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MEDIA CONTACT: Gisele Galoustian

FAU Researcher Receives $2.1 Million for a Cooperative Agreement Contract from the South Florida Water Management District for Kissimmee River Restoration

BOCA RATON, FL (February 10, 2009)Florida Atlantic University researcher Dr. Leonard Berry, distinguished professor and director of the Center for Environmental Studies in the Charles E. Schmidt College of Science, has received a $2.1 million cooperative agreement contract from the South Florida Water Management District (SFWMD) to support ongoing research into restoring the ecosystem of the Kissimmee River. The project is titled “Environmental Outreach, Field Support and Riverwoods Site Maintenance.” FAU has entered into a five-year contract with the SFWMD for onsite management, general site maintenance and field operations support for the Riverwoods Field Laboratory, a 15-acre property located on a remnant run of the Kissimmee River approximately 23 miles north of the city of Okeechobee under the onsite leadership of Riverwoods Field Laboratory Director Loisa Kerwin.

“The South Florida Water Management District is very excited to maintain the good working relationship with Florida Atlantic University’s Center for Environmental Studies for the management of the Riverwoods Field Laboratory.  Because this facility serves as the base for field operations, it is vital to the continued success of the comprehensive Kissimmee River Restoration Evaluation Program,” said Lawrence Glenn, director of the Kissimmee Division at the South Florida Water Management District.

 Among the vital research and support services that will be provided by FAU include on-site presence, major storm preparations and recovery, grounds maintenance, technical and scientific support, group tours for river restoration inspections, and assistance with field emergencies. In addition, funding will ultimately support a team of two environmental scientists and two field technicians who will assist senior scientists with field data collection, laboratory processing and administrative duties.   

“The Kissimmee River restoration is one of the success stories of the Everglades restoration,” said Berry.   “The stretch of the Kissimmee River that has been restored is reforming the flood plain ecosystem in a dynamic way, and our Center for Environmental Studies has played a small but continuing part in this effort, from early identification of the viability of dormant native seeds in the fill to ongoing education about the progress and impacts of restoration at the Riverwoods Field Laboratory site on the river.”

The grant will enable FAU to support the SFWMD with ongoing research into restoring this ecosystem, and with additional funds from a series of smaller grants, will enable the Center to work with the SFWMD to educate a wide range of stakeholders about the restoration, including underserved schools, teachers, graduate students and the general public.

Since 1994, the Riverwoods Field Laboratory has been operated as a staging area in support of field operations associated with the Kissimmee River Restoration Evaluation Program (KRREP). The facility also functions as an environmental education and outreach center for secondary students and adults. The KRREP is a structured program designed to evaluate ecosystem response to restoration and determine progress towards reestablishing ecological integrity to the Kissimmee River and associated floodplain. The restoration program is part of the SFWMD’s cost share with the U.S. Army Corps of Engineers as defined by the Project Cooperation Agreement executed in March 1994.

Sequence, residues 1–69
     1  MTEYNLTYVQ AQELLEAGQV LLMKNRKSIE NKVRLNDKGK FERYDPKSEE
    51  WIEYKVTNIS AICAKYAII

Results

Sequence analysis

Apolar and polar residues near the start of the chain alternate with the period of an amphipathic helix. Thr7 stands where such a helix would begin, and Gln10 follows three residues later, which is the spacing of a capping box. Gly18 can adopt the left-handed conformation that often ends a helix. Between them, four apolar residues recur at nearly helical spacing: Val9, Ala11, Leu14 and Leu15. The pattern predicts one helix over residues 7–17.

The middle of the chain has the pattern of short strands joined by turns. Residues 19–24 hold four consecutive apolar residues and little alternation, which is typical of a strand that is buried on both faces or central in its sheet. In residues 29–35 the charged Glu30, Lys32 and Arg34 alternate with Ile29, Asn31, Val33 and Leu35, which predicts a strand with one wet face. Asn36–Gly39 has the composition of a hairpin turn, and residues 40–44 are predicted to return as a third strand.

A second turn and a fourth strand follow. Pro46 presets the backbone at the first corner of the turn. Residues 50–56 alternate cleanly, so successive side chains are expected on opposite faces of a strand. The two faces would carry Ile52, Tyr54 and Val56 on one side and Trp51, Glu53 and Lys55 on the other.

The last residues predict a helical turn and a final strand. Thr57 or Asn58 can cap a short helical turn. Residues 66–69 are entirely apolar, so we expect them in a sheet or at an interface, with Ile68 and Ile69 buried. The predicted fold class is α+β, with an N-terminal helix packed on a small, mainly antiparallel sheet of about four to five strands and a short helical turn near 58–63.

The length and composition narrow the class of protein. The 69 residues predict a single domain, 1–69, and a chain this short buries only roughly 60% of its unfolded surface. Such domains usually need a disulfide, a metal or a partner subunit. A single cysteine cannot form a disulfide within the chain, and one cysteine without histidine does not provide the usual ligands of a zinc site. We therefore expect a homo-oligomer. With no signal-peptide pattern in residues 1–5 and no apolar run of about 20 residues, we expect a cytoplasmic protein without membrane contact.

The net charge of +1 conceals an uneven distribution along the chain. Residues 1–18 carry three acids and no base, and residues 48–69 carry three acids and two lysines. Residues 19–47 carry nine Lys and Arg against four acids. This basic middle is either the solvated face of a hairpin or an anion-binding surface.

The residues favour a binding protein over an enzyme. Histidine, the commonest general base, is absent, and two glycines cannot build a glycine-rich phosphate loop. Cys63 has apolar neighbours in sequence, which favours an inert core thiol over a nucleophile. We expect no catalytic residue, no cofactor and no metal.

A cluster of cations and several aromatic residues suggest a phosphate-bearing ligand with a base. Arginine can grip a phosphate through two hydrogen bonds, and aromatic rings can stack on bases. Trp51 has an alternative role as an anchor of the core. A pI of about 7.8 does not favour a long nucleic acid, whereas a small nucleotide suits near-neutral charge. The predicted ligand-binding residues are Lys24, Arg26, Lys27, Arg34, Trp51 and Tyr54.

The historic Kissimmee River flowed 103 miles from the Kissimmee Chain of Lakes into Lake Okeechobee. Its 1-2 mile wide floodplain offered a large patchwork of wetland habitats for many unique species, including more than 35 species of fish, 16 species of wading birds, 16 species of waterfowl, river otters, many species of invertebrates, amphibians, reptiles, and other plants and animals. In the 1960s, the river was channelized by the U.S. Army Corps of Engineers as a result of public pressure to provide more adequate flood protection. The 103-mile winding path of the Kissimmee River was transformed into a 56-mile long, 30-ft. deep, 300-ft. wide canal, known today as the C-38 canal.  

The Kissimmee River Restoration Project will backfill 22 miles of the C-38 canal, reestablish approximately 45 miles on contiguous river channel and provide hydrologic connectivity to over 20,000 hectares of adjacent floodplain wetlands.  Over 320 fish and wildlife species are expected to benefit from the restoration. Scientists from the South Florida Water Management District and FAU continue to monitor interim ecological response within the Phase I area.  Ultimately, targets established for 25 abiotic and biotic performance measures will be evaluated to determine if the ecological integrity goal has been met.  

 For more information, contact Loisa Kerwin at 863-462-0025 or or visit

- FAU -

Florida Atlantic University opened its doors in 1964 as the fifth public university in Florida. Today, the University serv es more than 26,000 undergraduate and graduate students on seven campuses strategically located along 150 miles of Florida's southeastern coastline. Building on its rich tradition as a teaching university, with a world-class faculty, FAU hosts ten colleges:  College of Architecture, Urban & Public Affairs, Dorothy F. Schmidt College of Arts & Letters, the Charles E. Schmidt College of Biomedical Science, the Barry Kaye College of Business, the College of  Education, the College of  Engineering & Computer Science, the Harriet L. Wilkes Honors College, the Graduate College,   the Christine E. Lynn College of Nursing and the Charles E. Schmidt College of Science.  

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